Wednesday, November 26, 2008

Jury awards $8 million in inadequate security case

While visiting my 82-year-old father-in-law in Miami, I saw a news clip about an $8 million settlement for what the teams team at Channel 7 termed security negligence. As someone who has spent a lot of time working for security firms, I find that term of interest. A quick search for the term brought me four or five sponsored searches from law firms that specialize in this form of litigation. All of them were based in Florida.

But back to the facts of the case. According to today's Miami Herald, Starsky Garcia, a 27-year-old man was shot to death in the parking lot of a North Miami Beach apartment complex almost two years ago.

The Miami newspaper noted that during a four-year period when Garcia was murdered by an unknown gunman, police recorded 24 burglaries, nine assaults, three shootings and two robberies at the apartment complex. According to the newspaper, the apartment management company responded to the growth in crime by not fixing a fallen fence or a broken security gate. Nor, did the firm add a security firm or security cameras, the Herald reported.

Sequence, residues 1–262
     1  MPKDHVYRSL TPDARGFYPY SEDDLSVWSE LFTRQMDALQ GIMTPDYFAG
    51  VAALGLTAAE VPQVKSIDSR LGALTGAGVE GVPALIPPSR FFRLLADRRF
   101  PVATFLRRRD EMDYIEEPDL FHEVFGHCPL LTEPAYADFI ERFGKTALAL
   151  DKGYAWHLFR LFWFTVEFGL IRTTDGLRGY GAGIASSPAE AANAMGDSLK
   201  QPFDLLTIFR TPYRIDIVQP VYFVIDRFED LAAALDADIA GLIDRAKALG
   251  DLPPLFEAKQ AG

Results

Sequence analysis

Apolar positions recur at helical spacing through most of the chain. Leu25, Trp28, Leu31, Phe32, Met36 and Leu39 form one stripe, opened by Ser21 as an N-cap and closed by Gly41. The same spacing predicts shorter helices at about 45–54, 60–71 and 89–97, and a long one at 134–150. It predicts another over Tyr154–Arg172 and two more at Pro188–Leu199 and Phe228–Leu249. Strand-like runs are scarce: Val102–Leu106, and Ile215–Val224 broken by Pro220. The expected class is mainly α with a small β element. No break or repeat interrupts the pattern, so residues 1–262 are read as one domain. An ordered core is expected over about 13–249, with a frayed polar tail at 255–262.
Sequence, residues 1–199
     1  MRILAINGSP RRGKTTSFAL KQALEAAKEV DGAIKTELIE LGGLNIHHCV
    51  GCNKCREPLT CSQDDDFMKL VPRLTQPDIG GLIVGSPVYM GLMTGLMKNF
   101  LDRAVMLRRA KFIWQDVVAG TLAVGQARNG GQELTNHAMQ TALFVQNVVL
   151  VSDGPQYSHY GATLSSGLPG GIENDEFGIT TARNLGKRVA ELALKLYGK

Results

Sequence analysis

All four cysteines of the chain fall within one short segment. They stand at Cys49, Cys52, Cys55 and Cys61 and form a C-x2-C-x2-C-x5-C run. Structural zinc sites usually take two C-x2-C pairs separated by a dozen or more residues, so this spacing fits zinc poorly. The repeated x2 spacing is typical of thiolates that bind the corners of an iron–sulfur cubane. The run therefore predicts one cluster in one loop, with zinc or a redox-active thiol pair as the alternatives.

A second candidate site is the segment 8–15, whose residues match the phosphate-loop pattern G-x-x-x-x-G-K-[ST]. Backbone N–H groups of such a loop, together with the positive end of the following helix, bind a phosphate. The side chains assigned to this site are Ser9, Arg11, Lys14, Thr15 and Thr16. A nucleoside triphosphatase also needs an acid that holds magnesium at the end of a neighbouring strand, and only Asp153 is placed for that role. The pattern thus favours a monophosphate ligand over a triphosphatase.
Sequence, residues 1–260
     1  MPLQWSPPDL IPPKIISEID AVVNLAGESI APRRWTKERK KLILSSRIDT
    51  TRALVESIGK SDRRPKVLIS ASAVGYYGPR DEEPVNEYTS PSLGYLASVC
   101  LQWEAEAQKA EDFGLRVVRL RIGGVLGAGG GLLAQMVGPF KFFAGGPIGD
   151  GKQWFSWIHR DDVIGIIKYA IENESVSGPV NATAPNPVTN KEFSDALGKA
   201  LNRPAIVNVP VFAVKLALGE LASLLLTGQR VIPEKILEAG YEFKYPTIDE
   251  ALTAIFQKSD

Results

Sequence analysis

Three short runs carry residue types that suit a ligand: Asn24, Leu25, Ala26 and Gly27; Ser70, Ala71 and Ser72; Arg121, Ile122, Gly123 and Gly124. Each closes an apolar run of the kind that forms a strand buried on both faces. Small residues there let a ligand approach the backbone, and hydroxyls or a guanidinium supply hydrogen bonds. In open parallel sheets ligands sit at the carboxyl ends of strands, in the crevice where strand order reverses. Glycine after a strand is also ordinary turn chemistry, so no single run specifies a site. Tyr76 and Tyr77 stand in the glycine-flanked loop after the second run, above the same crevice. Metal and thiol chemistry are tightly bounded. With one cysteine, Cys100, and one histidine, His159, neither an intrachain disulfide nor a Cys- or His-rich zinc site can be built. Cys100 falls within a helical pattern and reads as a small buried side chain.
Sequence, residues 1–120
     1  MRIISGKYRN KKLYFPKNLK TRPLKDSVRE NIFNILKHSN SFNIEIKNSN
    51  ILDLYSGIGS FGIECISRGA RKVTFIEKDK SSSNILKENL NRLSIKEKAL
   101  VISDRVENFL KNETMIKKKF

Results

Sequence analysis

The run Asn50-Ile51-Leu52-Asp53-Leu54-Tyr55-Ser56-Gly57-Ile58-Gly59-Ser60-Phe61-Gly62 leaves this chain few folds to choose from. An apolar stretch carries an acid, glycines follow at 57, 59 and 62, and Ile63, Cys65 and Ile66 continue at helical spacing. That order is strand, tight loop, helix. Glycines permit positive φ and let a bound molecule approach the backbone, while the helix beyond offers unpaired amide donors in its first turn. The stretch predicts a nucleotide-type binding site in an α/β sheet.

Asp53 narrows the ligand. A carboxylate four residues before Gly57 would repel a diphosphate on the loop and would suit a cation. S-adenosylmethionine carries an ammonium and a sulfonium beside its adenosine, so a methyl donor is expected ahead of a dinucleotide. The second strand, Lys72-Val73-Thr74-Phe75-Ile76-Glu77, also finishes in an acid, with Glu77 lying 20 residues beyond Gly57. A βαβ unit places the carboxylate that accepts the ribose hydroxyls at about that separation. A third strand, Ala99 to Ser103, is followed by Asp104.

According to Douglas McCarron, the attorney who represented Garcia's family in the civil law suit, the owners "stuck their head in the sand and basically told residents they're on their own.''

Will this $8 million settlement motivate other apartment firms to upgrade their security? Sadly, it won't motive owners of companies like this one. The only solution is for a judge to require the ownership group to spend three months living fulltime in the complex in addition to their financial penalty.

However, this settlement could be the impetus for other businesses to consider an upgrade in their security system. While it wasn't apparent from the Herald article, who is going to pay Garcia's family for his death, I would suspect that there was an insurance company who will pay for this loss.

Security integrators, by convincing their apartment and multi-use customers, to upgrade their systems could help prevent future lawsuits. And in turn, having a more advanced security system could eventually lead to lower insurance premiums, especially if the property's staff is well trained on the equipment.


Sam said...

Good find, Matt. I think most residential and commercial integrators include the insurance benefit in their standard sales pitch, but having real-world ammunition like this for the power point can never hurt.

jaded said...

Additionally having a better security system for residential and commercial tenants could allow the owners to increase rents. Although locally rents are increasing due to the housing market declines!